New companions, new Doctor: Doctor Who Season 21

It’s a weird feeling to realize that my Doctor Who rewatch is now closer to the end of the classic run than the beginning. Season 21 has a lot of good stuff going on but we say goodbye to the Fifth Doctor, Turlough and Tegan; the new TARDIS team is disappointing by comparision.The first serial, WARRIORS OF THE DEEP has the TARDIS materialize on an underwater base two centuries from now (well, from when “now” was the 1980s). Earth is divided in a tense cold war between two superpowers, something the Silurians and the Sea Devils — working together onscreen for the first time — plan to exploit to eliminate the hairless apes they resent for stealing “their” planet. Can the Doctor stop a nuclear war? Can he, perhaps, make peace between the Silurians and humans? While the effort to broker peace is a common theme in Sea Devils/Silurians stories, this handles the themes of coexistence and mistrust very well. “Why do humans insist on thinking a futile gesture is a noble one?”

The two-part THE AWAKENING is weaker. This time they land in a small village where Tegan’s uncle lives, only to discover the traditional re-enactment of a local Roundhead/Cavalier battle is getting uncomfortably realistic. It’s reminiscent of countless stories about sinister goings on in small British villages, including the Pertwee serial The Daemons. It doesn’t succeed because the evil entity behind everything, the Malus, fails on every level. “I shouldn’t worry about it — as local magistrate, I shall find myself completely innocent.”

FRONTIOS, by contrast, takes a familiar premise — a beleaguered, struggling space colony — and injects it with life. Mysterious meteor strikes on Frontios, colonists getting sucked into the Earth — what’s behind it? And why is Turlough freaking out about it so much? Familiar stuff but well-executed, even if the alien Tractators look too much like Tenniel’s Mock Turtle in Alice in Wonderland. “If anyone asks whether I made any material difference to this planet’s welfare, tell them I came and went like a summer breeze.”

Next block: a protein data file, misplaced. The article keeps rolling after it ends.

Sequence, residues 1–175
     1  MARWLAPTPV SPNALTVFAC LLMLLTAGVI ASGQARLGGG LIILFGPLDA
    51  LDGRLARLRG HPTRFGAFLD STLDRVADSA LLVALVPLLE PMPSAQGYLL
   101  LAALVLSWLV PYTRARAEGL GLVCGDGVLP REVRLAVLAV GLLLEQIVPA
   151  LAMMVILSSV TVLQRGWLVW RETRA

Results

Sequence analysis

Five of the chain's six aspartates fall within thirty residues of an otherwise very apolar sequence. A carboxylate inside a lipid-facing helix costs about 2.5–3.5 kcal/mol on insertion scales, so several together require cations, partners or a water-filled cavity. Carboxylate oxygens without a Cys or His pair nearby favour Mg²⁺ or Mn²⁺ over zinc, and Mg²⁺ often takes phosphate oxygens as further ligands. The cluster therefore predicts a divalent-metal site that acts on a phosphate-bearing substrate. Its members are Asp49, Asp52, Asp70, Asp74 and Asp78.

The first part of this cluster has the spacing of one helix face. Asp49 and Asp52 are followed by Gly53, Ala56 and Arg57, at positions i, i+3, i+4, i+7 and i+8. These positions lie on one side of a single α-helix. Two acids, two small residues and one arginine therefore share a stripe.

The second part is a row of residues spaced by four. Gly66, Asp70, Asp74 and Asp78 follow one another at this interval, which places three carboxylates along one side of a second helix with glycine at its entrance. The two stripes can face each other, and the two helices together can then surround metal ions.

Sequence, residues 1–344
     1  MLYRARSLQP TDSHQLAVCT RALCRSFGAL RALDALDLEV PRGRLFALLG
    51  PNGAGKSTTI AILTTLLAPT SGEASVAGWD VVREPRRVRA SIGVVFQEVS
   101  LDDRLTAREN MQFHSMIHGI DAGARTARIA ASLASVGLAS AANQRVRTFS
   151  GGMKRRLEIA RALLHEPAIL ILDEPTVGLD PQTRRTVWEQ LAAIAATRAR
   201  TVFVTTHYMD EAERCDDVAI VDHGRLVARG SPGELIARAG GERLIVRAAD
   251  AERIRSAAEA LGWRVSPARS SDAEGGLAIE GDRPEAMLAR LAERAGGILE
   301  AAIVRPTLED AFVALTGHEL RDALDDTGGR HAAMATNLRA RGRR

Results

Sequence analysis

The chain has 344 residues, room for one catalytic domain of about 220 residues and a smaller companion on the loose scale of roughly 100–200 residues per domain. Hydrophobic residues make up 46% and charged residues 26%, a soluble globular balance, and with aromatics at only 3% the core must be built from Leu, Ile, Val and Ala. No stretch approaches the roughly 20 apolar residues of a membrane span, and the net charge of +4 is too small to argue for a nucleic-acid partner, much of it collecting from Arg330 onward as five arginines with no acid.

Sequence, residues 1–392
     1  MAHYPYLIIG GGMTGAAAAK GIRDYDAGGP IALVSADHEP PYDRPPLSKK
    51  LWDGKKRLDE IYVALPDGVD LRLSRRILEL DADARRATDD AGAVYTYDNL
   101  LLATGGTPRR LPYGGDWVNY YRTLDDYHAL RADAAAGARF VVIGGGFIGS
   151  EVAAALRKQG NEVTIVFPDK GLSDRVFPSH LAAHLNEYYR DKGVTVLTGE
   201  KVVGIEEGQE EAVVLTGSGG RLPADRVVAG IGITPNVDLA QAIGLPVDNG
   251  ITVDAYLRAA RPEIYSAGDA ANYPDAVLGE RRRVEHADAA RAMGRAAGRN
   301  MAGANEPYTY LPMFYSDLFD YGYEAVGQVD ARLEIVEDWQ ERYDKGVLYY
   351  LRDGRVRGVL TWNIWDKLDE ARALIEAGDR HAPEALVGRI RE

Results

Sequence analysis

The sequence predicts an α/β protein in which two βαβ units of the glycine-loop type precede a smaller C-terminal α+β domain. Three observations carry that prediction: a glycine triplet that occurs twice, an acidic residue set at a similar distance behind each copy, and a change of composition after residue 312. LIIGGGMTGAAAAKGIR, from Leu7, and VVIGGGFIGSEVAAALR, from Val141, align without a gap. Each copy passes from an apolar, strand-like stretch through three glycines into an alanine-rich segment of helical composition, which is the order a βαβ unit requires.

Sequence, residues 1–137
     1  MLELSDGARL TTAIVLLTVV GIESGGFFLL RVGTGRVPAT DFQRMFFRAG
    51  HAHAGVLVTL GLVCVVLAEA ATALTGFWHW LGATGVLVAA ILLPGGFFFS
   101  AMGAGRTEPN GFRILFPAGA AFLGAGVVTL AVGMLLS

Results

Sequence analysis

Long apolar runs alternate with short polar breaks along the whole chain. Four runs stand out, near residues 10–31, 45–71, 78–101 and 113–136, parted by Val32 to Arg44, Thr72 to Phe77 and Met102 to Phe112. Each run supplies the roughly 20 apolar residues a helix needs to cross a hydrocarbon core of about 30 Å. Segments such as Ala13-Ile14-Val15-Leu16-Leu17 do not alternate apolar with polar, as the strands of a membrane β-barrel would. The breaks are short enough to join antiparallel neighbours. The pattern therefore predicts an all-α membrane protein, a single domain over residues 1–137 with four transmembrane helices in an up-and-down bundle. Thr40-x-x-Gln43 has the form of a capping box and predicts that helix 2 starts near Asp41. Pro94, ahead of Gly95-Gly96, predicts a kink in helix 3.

Like Warriors of the Deep, RESURRECTION OF THE DALEKS is a grim one involving an imprisoned Davros, a struggle for control of the Dalek race and the Doctor deciding not to go soft on destroying them as he did in Genesis of the Daleks. It’s grim enough that Tegan decides she can’t deal any more and walks out; it also introduces Lytton, an alien mercenary working with the Daleks, memorably played by Maurice Collborne (he’ll return in S22). I don’t like the Daleks using brainwashed human infiltrators — it feels off-brand for them — and given the reveal about the Movellans from Destiny of the Daleks here (they beat the Daleks) it’s all the more surprising they never returned, even if I didn’t care for them much. “I am hard to kill, Lytton. You should have realized that.”